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In Judaism, there is a concept of free will; but, from many sciences and probably our own experiences we know for a fact that many factors influence our decision-making process, and many of them affect us without us ever realizing.

The decision-making process is often susceptible to errors, fallacies, and biases. With so many factors which can disrupt this process, how does Judaism look to the decision-making process? We have free will; but, how does one overcome these factors which influence our decision-making in order to do good, to do the Will of G-d etc.?

  • Rabbi Eliyahu Eliezer Dessler has a concept of "the point of free will" (נקודת הבחירה) in מכתב מאליהו vol. 1 which could answer the question. I don't have the book on me now, so I'll wait to see if anyone wants to write an answer from the original source, but there are a few summaries in English on the internet (e.g. "Taking a Closer Look" here) that could be used if no one writes an answer from the book – b a Apr 8 '18 at 8:37
  • Related (one example of a factor that influences decisionmaking): judaism.stackexchange.com/q/35058 – msh210 Apr 8 '18 at 10:24
  • You say "in Judaism, there is a concept of free will", as if there was an entity called Judaism that had a fixed content that could be expressed in verbal statements. – paquda Apr 12 '18 at 23:44
  • @paquda Actually if you would take my words literally it would be as if there was an entity called Judiasm with free will. But if it wasn't clear enough: what I meant was that within Judaism rabbi's, scribes, teachers etc. uphold the idea of “free will”. I don't get why you would point this out to me, because words like 'in Judiasm' or 'within Judiasm' are often used to refer to the collective Jewish believes, idea's, faith etc. English is not my first language, so if you would like to present a better way (grammatically) to express myself please feel free to edit. – Levi Apr 13 '18 at 6:12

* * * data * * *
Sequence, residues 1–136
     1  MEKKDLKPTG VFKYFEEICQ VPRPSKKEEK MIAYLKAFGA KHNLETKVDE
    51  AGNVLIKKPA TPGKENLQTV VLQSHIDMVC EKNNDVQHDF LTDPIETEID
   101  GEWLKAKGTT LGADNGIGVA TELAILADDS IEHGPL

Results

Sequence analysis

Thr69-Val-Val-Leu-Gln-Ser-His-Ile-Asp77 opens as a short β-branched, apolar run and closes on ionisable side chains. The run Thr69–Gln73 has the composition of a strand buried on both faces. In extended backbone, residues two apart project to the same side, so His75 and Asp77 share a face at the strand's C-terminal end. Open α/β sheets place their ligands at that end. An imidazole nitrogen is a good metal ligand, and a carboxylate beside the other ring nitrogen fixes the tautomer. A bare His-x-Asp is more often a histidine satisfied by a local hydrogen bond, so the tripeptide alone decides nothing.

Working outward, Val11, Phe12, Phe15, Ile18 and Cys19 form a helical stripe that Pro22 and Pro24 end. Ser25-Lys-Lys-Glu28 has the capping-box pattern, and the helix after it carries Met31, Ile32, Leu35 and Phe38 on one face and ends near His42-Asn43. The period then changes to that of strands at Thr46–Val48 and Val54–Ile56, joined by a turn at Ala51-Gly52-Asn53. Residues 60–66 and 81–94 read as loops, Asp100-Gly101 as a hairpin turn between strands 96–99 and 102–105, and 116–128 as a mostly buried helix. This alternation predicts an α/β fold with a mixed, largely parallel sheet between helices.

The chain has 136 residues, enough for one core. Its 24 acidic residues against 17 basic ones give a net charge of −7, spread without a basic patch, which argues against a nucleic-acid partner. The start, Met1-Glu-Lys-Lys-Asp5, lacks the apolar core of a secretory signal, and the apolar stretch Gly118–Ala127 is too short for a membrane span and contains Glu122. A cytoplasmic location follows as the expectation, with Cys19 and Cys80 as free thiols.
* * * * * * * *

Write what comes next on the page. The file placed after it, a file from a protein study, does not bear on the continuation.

• What I meant is that the concept of free will is so significant in Jewish Thought – Levi Apr 13 '18 at 10:58
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You said it yourself! "many factors influence our decision making" the concept of "decision making" is by definition free will.

The fact that in any given situation, we can choose how to proceed, that is free will.

You're right that in many situations, we will choose the path that makes more sense to us because that's how we were brought up, but if we really want to, we can still change.

For example: a judge is given a bribe. This will most probably influence his judgment. But does that mean that he can't rule in a fair way just because of the bribe? The answer is no. If he really wants to, he still has the free choice to choose good or bad.

Robots have no free choice. In any given situation they will proceed as programmed, and they cannot change that even if they really want to.

  • According to many, a judge can no longer judge fairly once he has taken a bribe. Even if he attempts to act righteously, the bribe itself has clouded his judgement. See the story in Bava Metzia Chapter 8. – LN6595 Nov 5 '18 at 2:46
  • According to many, a judge can no longer judge fairly once he has taken a bribe. Even if he attempts to act righteously, the bribe itself has clouded his judgement. See the story in Bava Metzia Chapter 8. – LN6595 Nov 5 '18 at 2:46
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You mainly have the free choice to be righteous or wicked.

Other free choice depends on this a lot.

The other choices you make in life are influenced by God, bad deeds, good deeds, how much effort you put, enviroment and other people in your life.

Some people lose their free choice due to sins.

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